How Movie Trailers Trick Us — Alan Zilberman

Posted on March 11, 2011 at 3:37 pm

My friend and fellow critic Alan Zilberman has a great blog post on how trailers trick us. He uses examples like “Battle: Los Angeles” to illustrate the way that trailers “use clever obfuscation to make our imaginations work against us.”
Of course, that’s their job.
And it’s a very specialized expertise. There are companies that do nothing but make trailers (remember, Cameron Diaz owned one in “The Holiday”). Almost-completed movies are delivered to them, many of them not very good. In a way, the good ones are harder to summarize. But in any case, the job of the trailer is not to accurately represent the movie; it is to get you to buy a ticket.
Zilberman’s description of the “Battle: Los Angeles” trailer could apply just as well to most of what is out there:

The trailer works because a) it reveals little about the movie and b) it makes you want to see it anyway. Watching the trailer again, its composition can be seen as clever marketing or – as I hope to demonstrate – a cynical ploy.

By presenting tense images without context, it forces the viewer to imagine what, precisely, is happening. There’s no need for basic storytelling elements like characters or plot, as we’re more than willing to create the heroic/crazed situations these figures find themselves in. Moreover, the juxtaposition of sci-fi action and haunting music suggests heft/drama that’s not necessarily there.

And Wikipedia describes the classic trailer structure:

Most trailers have a three-act structure similar to a feature-length film. They start with a beginning (act 1) that lays out the premise of the story. The middle (act 2) drives the story further and usually ends with a dramatic climax. Act 3 usually features a strong piece of “signature music” (either a recognizable song or a powerful, sweeping orchestral piece). This last act often consists of a visual montage of powerful and emotional moments of the film and may also contain a cast run if there are noteworthy stars that could help sell the movie.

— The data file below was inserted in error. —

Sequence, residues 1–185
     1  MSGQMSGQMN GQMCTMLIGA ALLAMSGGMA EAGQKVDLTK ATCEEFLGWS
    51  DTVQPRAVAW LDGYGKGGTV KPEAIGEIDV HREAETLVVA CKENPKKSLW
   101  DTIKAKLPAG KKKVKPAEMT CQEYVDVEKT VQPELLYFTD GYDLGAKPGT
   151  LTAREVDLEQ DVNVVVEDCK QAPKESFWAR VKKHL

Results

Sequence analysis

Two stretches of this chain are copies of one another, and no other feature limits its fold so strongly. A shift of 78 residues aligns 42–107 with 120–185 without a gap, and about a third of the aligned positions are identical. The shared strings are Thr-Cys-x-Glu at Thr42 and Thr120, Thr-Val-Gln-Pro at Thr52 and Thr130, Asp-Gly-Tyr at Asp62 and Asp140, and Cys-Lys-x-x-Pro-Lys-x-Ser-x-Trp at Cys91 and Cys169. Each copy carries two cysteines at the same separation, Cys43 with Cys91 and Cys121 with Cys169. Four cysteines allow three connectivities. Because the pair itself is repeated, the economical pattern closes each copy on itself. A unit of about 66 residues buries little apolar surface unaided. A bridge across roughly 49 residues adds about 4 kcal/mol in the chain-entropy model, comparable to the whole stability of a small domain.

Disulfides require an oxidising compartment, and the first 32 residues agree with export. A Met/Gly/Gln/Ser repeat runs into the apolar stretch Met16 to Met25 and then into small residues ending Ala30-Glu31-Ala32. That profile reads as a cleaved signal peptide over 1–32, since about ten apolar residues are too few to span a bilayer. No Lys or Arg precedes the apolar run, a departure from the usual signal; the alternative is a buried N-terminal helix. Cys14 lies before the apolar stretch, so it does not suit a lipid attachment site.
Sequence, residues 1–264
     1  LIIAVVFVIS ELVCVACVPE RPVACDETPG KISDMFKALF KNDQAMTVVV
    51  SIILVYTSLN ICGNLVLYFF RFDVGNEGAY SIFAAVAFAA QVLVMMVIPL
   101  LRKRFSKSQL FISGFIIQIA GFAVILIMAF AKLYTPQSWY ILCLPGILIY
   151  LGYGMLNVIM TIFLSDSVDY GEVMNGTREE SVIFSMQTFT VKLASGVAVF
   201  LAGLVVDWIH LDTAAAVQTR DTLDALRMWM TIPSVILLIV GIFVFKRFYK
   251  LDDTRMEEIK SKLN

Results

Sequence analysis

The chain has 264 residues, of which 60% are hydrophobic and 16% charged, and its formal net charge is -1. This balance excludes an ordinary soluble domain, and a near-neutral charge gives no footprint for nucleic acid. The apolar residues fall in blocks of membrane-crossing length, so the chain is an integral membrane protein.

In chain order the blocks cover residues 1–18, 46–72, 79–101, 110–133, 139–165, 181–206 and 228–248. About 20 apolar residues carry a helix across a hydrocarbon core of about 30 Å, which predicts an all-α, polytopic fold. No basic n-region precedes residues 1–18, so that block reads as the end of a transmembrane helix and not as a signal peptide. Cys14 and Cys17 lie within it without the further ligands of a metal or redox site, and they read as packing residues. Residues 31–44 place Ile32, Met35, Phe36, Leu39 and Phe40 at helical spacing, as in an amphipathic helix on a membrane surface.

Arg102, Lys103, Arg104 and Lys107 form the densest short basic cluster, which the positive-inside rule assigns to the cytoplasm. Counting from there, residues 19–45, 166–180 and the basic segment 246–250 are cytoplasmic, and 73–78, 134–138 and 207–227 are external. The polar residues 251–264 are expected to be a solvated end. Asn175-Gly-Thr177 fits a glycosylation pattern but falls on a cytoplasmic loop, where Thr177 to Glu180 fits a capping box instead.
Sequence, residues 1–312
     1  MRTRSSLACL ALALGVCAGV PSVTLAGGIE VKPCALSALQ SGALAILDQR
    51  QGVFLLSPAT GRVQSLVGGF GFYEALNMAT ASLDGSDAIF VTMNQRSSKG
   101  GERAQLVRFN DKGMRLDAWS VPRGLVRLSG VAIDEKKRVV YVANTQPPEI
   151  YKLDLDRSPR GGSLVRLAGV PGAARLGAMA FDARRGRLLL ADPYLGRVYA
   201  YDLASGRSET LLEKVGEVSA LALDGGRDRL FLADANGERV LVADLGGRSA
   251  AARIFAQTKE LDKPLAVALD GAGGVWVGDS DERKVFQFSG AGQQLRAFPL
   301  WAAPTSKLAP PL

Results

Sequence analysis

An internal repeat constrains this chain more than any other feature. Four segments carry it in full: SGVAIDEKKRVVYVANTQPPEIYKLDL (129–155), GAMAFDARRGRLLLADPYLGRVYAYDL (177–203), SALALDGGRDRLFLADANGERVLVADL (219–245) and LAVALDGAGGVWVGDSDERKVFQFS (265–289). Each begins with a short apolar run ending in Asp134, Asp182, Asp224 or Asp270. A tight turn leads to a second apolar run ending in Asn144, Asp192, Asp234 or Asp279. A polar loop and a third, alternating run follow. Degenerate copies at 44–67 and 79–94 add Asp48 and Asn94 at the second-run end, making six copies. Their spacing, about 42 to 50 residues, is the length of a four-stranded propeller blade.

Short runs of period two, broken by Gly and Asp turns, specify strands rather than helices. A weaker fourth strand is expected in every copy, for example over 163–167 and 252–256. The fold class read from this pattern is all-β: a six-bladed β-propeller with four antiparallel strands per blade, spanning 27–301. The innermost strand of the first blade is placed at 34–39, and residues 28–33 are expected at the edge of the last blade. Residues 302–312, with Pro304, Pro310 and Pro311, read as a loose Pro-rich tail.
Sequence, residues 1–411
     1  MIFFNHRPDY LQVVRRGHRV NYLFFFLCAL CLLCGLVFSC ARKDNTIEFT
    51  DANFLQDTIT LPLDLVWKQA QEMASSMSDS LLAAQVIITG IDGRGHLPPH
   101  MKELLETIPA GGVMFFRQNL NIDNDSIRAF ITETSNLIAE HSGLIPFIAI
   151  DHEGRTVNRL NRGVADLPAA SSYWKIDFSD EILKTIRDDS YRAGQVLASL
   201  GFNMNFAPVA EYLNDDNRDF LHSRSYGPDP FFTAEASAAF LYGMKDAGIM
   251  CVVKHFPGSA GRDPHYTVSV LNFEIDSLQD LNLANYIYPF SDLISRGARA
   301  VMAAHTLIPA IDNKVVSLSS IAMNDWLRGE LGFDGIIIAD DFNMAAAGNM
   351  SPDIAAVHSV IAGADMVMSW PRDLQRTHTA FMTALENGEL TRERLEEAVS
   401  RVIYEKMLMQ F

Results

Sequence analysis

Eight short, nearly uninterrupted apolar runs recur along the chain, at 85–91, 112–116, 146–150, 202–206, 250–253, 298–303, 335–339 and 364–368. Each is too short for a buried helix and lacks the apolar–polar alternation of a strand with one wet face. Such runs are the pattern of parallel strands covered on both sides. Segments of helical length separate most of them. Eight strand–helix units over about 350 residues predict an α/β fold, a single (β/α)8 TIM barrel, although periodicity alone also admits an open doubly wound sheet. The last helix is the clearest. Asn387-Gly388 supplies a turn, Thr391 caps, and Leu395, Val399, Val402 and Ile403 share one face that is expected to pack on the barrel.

Some trailers affirmatively misrepresent movies to make them seem more — or sometimes less — violent or racy than they really are. My current favorite example is the commercial for “Gnomeo & Juliet.” In the sweet, G-rated movie, there’s a brief sight gag of a garden gnome wearing a thong. When he walks away we get a little glimpse of ceramic gnome tushie. In the commercial, for some reason they show that scene but cover him up with a CGI-added pantie. Of course this takes away the entire reason for having the shot in the commercial in the first place. Steve Zahn got a similar pair of CGI underpants in the trailer for “Saving Silverman,” disguising what in the movie is some nudity and crude humor.
Cracked has my all-time favorite parody of movie trailers — you have to watch it a couple of times to get just how perfect it is.

Related Tags:



2 Replies to “How Movie Trailers Trick Us — Alan Zilberman”

  1. “This scene doesn’t make it into the final cut of the movie” LOL!
    I remember seeing a list once of the top 10 misleading trailers. The one that got me was for The Fifth Element. I went into that movie expecting a serious sci-fi and was so disappointed by the comedy I got instead that I absolutely hated the movie. A few years later I took another crack at it and loved it – go figure 🙂
    A similar situation with The Princess Bride left me *loving* a movie I was prepared to be bored to tears with, while my poor fairy tale romance-loving friend (who had dragged me to the theater kicking and screaming) was devastated. That one still ranks among my favorites.

  2. I agree with your assessment of both movies, monkie! I wrote a piece years ago about misleading trailers that included actual misrepresentations of the movie to make it look more — or less — violent or racy than it really was. I’ll go back and add my favorite current example to the post, so take a look.

Comments are closed.

THE MOVIE MOM® is a registered trademark of Nell Minow. Use of the mark without express consent from Nell Minow constitutes trademark infringement and unfair competition in violation of federal and state laws. All material © Nell Minow 1995-2024, all rights reserved, and no use or republication is permitted without explicit permission. This site hosts Nell Minow’s Movie Mom® archive, with material that originally appeared on Yahoo! Movies, Beliefnet, and other sources. Much of her new material can be found at, Huffington Post, and WheretoWatch. Her books include The Movie Mom’s Guide to Family Movies and 101 Must-See Movie Moments, and she can be heard each week on radio stations across the country.

Website Designed by Max LaZebnik